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Martigana by Javier Barón - FINISHED - 1:210 - traditional mediterranean boat S. XIX


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The martigana (or marticana, martingana, etc.) was, in the times of the sail, a common vessel and quite widespread in the waters of the Tyrrhenian and Adriatic, although today its name has been almost completely forgotten. This denomination appears  only from the second half of the 1700s and only a few decades ago some of them were still seen sailing through Tuscany, and even today a couple of them have been photographed afloat in Sicilian waters.

 

This vessel was used for the transport of goods, even over long distances. The martigana of s.XIX, which is the one that reproduces the model, was a boat with a bow of very pronounced curvature that ended in a spur of the type used in the galleys, with the wedge stern and the rather rounded master frame. In fact, the martigana was, as far as the hull is concerned, quite similar to the tartana, differing from it basically in the sailplan, which was in those of square sails in the main mast and not with the lateen rig that carried the latter .

 

It seems that the origin of this vessel is in Provence, in the village of Martigues, located west of Marseille, on the southern shore of the great Barre lagoon, along the narrow channel that joins the lagoon with the sea, which It was famous as one of the places in the Mediterranean where the best tartanas were built, so that the term martigana was originally an adjective: "martigana tartana" or of  Martigues.

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Javier, este es otro maravilloso barco modelo en miniatura que has construido. Eres un maestro artesano de estas hermosas embarcaciones y barcos pequeños. Me encantan las pequeñas embarcaciones de trabajo del Mediterráneo. Muchas gracias por continuar para mostrarnos su trabajo.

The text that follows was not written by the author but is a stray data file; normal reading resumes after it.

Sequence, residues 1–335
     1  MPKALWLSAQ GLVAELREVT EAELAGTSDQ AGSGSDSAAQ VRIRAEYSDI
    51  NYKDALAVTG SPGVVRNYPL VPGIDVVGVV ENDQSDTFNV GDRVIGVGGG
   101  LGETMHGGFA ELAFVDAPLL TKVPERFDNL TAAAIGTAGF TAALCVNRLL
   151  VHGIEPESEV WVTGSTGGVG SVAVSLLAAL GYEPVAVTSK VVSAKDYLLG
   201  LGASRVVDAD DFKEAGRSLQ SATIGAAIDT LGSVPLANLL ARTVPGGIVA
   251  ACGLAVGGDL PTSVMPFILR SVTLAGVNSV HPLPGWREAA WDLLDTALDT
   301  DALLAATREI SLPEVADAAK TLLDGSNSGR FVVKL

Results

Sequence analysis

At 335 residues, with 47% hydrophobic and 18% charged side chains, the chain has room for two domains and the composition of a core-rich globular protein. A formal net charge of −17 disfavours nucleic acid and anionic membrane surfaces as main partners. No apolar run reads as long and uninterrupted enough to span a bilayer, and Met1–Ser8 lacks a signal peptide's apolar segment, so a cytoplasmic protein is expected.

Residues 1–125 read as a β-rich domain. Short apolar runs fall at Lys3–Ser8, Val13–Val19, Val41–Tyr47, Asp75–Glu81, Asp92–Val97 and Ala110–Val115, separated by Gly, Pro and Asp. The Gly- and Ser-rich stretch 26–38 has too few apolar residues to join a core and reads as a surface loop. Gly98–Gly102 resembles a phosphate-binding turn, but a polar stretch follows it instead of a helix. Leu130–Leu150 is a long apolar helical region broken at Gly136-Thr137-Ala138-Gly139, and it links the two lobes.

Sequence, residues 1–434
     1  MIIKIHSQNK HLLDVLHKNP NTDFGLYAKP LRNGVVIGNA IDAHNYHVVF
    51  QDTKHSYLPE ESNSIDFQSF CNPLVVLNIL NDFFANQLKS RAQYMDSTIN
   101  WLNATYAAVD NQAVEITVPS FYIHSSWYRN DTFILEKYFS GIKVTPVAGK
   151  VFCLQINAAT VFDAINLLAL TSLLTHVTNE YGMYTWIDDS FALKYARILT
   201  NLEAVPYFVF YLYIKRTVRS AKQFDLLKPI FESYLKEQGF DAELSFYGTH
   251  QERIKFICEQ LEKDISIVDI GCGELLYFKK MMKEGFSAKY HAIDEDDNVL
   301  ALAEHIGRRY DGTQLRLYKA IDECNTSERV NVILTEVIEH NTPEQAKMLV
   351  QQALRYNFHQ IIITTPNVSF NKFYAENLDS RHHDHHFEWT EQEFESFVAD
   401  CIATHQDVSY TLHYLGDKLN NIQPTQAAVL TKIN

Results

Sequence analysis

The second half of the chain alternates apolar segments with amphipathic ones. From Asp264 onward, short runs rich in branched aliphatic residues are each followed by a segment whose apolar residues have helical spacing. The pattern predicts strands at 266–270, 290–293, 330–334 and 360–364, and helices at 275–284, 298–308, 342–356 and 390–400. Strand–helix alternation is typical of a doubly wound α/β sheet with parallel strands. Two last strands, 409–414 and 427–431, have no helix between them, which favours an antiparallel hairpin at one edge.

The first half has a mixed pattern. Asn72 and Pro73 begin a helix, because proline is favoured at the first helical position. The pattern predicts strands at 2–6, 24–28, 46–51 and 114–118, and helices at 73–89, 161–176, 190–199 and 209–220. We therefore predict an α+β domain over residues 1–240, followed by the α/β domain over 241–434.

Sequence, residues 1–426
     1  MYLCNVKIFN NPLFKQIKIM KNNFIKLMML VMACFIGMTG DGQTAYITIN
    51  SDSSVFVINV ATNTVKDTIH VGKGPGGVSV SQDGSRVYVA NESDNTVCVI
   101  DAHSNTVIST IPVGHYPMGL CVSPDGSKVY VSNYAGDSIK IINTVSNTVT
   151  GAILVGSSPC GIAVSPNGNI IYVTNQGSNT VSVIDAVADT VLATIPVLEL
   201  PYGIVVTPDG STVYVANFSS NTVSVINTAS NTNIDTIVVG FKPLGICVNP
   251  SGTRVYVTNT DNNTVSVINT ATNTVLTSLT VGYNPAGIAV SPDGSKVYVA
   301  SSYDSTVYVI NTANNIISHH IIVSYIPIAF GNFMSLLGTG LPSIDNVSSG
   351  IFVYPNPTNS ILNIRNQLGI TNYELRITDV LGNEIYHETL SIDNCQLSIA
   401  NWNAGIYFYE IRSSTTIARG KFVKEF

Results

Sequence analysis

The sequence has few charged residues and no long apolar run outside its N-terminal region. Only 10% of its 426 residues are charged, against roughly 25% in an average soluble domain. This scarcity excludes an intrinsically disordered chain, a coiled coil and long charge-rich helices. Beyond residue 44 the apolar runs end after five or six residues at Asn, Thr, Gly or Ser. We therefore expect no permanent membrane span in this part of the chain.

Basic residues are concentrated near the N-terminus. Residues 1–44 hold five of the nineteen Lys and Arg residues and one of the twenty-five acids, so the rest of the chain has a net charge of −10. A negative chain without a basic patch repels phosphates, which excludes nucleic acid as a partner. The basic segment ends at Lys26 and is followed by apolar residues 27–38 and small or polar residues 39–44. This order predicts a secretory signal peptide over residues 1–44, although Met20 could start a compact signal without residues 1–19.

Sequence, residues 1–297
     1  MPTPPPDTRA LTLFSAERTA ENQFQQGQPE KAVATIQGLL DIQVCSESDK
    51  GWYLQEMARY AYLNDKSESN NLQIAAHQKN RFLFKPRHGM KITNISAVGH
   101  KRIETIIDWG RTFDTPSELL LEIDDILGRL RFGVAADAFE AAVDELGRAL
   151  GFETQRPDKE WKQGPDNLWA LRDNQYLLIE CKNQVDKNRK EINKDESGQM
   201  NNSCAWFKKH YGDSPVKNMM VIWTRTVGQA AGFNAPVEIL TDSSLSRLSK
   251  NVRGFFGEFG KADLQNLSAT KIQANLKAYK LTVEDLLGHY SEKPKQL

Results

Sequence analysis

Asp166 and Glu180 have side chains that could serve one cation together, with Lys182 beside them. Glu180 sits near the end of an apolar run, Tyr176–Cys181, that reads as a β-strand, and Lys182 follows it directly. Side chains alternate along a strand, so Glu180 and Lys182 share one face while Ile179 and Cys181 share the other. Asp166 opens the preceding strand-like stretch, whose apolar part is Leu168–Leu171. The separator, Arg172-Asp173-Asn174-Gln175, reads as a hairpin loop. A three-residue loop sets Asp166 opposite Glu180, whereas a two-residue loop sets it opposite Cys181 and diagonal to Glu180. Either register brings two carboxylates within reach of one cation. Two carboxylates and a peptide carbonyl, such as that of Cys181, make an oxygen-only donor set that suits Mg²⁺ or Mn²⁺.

This is another wonderful, miniature model boat that you have built. You are a master craftsman of these beautiful, small boats and ships. I love the small, working boats of the Mediterranean. Thank you so much for contiuing to show us your work.

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  • 2 weeks later...

Este es un barco maravilloso. Me encanta cómo que también has puesto cada una de tus hermosos embarcaciones en miniatura en una vitrina. ¡Tienes una colección fantasiosa!

 

This is a wonderful boat. I love how you have put each of your beautiful, miniature boats in a display case too. You have a fantastic collection!

 

Cordial saludo,

Bob

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15 hours ago, KeithAug said:

She is a pretty little vessel Javier. The sails are nicely shaped - what are they made from?

Sails making:

I cut bias strips of fabric of the desired width to mimic the strips that make up the sails in reality.

I glue the strips with textile glue, with minimal overlap between them.

I cut the sails to the size and shape that is needed for the model, I make the curl girdles with a thin strip of cloth that sticks in its position on the sails. If the sail has reinforcements in the corners, I hit them before the hems.

With strips of fabric of a minimum thickness I make the hems, which then stick on the edges of the trimmed sail (on both sides). I glue a thread on the contour of the sail to make the bowline, leaving a loop in the corners to make the clue ropes. Finally, I put the curls in the number and position required in the corresponding positions of the curl girdles.

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4 hours ago, Louie da fly said:

Absolutely beautiful work, Javier. Your wonderful, tiny models are always an inspiration.

 

But I am interested in why you chose a scale of 1:210 rather than, say, 1:200.:)

 

Steven

Because of my anarchic way of proceeding, in which the scale is the result of wanting the model's hull to be between 10 and 11 cm. in length ... it is unorthodox, I know.

Really, we can say that the model is in 1: 200 scale instead of 1: 210, because what I am reproducing is not a real ship in particular, but a type of vessel, with all the margins of variation that are usual.

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